Minneapolis has voted on Friday to prohibit the application of facial recognition programmes in the police department, adding to the number of cities with local restrictions regarding this controversial software. An ordinance that outlines the ban was passed earlier in the week. There are 13 city council members. The majority of voters voted for the ban with no opposition.
The new law will prohibit the Minneapolis Police Department from using any facial recognition technology. Minneapolis Police Department from using any facial recognition software, including software developed by Clearview AI. This company provides access to a vast collection of facial pictures, which are scraped from major social media platforms and other platforms, to police departments in the federal government as well as private companies as well as many U.S. police departments. It is known that the Minneapolis Police Department has a connection in partnership with Clearview AI, as does the Hennepin County Sheriff’s Office, that will not be affected by the new restrictions.
This is a significant city decision that sparked demonstrations of racial equity across the world following the death of a Minneapolis police officer killed by George Floyd last year. Minneapolis has been caught in the process of reforming its police force since then, leading the nation in pledging to cut funding for the police force in the month of June. The city then began abandoning that pledge to implement more gradual changes in the course of the year.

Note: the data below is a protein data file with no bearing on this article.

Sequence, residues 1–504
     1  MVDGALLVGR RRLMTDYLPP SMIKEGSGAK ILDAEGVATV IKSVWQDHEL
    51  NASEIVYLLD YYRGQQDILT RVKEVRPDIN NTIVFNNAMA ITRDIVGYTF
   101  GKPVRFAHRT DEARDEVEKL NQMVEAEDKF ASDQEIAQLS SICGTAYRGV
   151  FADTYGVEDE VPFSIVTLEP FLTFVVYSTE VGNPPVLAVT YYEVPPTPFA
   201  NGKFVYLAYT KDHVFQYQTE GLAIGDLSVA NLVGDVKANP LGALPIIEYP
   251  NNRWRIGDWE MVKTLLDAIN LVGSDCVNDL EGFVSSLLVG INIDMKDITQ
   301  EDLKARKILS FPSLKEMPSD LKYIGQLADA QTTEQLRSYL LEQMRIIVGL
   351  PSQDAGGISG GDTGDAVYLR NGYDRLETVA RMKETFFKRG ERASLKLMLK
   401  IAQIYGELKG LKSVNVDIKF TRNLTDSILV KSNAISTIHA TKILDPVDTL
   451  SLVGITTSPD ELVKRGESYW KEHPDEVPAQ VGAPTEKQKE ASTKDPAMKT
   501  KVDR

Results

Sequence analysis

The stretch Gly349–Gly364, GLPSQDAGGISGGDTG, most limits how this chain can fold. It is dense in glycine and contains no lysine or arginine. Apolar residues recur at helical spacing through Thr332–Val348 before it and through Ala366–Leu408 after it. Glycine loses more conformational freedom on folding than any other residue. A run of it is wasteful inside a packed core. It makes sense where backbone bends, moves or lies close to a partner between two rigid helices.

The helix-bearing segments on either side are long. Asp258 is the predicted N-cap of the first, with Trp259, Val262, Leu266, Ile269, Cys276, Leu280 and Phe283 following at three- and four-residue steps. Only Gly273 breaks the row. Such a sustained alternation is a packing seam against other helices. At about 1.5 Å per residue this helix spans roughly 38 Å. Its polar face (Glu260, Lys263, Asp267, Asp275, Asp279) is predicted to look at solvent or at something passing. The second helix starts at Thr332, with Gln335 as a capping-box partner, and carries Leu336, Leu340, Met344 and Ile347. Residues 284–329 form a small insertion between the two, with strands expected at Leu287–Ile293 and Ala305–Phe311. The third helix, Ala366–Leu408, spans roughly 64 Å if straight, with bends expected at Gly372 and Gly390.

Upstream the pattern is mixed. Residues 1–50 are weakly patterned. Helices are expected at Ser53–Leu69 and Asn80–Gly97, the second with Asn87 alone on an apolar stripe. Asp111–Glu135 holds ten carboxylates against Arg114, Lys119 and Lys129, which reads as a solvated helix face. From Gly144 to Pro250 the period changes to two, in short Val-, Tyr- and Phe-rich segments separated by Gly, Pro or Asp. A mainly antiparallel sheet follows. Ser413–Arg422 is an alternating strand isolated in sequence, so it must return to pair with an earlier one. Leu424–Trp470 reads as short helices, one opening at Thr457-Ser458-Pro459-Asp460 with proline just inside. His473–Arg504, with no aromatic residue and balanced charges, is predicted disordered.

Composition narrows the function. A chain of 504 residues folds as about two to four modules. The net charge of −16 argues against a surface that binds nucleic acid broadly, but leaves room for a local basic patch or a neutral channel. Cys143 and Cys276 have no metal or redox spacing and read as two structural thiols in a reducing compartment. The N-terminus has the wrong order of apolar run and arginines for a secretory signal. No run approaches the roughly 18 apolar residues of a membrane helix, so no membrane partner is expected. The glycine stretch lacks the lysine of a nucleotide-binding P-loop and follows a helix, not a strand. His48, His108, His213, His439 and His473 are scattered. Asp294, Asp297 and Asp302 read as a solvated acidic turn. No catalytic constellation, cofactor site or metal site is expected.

The ban on facial recognition is a targeted option to reduce the growing concerns over excessive police policing. Privacy advocates are worried that AI-powered facial recognition technologies will not only specifically target groups of colour, but the technology has been proven to be faulty for discerning faces that are not white.
Cities across the country are increasingly considering banning the controversial technology and have imposed restrictions in a variety of different ways. In the case of Portland, Oregon, new laws that were passed in the year 2000 prohibit city agencies from using facial recognition technology but additionally prohibit private companies from using this technology within public places. Prior legislation passed in San Francisco, Oakland, and Boston prevented the use of facial recognition devices; however, it did not include a similar clause for private businesses.